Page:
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posted on 31.08.2021, 04:40 authored by Cheng-Yan Mou, Shun Li, Long-Feng Lu, Yang Wang, Peng Yu, Zhi Li, Jin-Feng Tong, Qi-Ya Zhang, Zhong-Wei Wang, Xiao-Juan Zhang, Guang-Xin Wang, Li Zhou, Jian-Fang Gui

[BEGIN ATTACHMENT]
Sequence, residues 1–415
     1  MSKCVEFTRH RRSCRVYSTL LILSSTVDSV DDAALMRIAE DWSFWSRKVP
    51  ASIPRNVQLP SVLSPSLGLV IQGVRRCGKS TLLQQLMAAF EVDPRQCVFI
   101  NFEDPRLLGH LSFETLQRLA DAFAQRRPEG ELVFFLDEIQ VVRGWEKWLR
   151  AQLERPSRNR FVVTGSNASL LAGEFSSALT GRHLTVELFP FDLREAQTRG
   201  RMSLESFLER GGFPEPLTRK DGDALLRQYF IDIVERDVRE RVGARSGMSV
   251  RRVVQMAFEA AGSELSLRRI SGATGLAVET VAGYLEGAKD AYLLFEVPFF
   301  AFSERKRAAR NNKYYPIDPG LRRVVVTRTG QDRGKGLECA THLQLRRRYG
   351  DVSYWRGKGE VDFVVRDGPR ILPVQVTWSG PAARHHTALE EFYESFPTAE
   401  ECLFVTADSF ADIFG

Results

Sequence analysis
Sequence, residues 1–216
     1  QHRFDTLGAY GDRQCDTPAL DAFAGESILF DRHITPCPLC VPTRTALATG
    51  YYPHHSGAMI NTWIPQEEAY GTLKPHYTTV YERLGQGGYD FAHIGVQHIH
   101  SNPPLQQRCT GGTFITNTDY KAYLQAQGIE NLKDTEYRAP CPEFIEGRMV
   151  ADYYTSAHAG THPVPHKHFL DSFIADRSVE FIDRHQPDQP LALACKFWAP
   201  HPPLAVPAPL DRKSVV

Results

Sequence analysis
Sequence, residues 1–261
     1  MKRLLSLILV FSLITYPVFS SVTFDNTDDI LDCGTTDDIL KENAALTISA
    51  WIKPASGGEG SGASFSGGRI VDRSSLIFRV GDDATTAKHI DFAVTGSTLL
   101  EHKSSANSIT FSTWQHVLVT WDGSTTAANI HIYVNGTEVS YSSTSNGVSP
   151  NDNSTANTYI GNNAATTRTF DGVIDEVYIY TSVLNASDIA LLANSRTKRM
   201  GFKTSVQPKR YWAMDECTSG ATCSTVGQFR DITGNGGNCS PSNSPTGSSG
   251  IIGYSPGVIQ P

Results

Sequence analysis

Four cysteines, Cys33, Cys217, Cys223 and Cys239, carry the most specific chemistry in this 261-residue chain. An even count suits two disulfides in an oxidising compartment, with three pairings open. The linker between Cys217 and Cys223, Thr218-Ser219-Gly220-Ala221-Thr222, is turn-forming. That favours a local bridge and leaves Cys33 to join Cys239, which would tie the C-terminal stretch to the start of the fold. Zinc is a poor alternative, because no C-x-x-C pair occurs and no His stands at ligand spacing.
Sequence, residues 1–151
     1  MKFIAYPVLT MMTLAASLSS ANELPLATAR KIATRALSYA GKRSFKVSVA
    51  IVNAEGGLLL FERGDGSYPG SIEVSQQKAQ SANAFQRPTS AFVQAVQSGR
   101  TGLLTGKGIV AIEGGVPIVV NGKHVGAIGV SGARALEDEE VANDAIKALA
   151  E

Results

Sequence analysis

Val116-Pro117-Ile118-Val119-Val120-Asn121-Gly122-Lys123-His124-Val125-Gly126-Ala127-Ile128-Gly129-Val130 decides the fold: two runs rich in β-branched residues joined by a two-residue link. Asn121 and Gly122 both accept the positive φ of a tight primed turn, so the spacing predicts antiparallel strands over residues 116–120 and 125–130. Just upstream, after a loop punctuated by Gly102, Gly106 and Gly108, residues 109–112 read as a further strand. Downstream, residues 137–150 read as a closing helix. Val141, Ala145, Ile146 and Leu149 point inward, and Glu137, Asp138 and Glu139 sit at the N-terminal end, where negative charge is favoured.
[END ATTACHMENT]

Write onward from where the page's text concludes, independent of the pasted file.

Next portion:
Polyploidy and subsequent diploidization provide genomic opportunities for evolutionary innovations and adaptation. The researches on duplicated gene evolutionary fates in recurrent polyploids have seriously lagged behind that in paleopolyploids with diploidized genomes. Moreover, the antiviral mechanisms of Viperin remain largely unclear in fish. Here, we elaborate the distinct antiviral mechanisms of two viperin homeologs (Cgviperin-A and Cgviperin-B) in auto-allo-hexaploid gibel carp (Carassius gibelio). First, Cgviperin-A and Cgviperin-B showed differential and biased expression patterns in gibel carp adult tissues. Subsequently, using co-immunoprecipitation (Co-IP) screening analysis, both CgViperin-A and CgViperin-B were found to interact with crucian carp (C. auratus) herpesvirus (CaHV) open reading frame 46 right (ORF46R) protein, a negative herpesvirus regulator of host interferon (IFN) production, and to promote the proteasomal degradation of ORF46R via decreasing K63-linked ubiquitination. Additionally, CgViperin-B also mediated ORF46R degradation through autophagosome pathway, which was absent in CgViperin-A. Moreover, we found that the N-terminal α-helix domain was necessary for the localization of CgViperin-A and CgViperin-B at the endoplasmic reticulum (ER), and the C-terminal domain of CgViperin-A and CgViperin-B was indispensable for the interaction with degradation of ORF46R. Therefore, the current findings clarify the divergent antiviral mechanisms of the duplicated viperin homeologs in a recurrent polyploid fish, which will shed light on the evolution of teleost duplicated genes.

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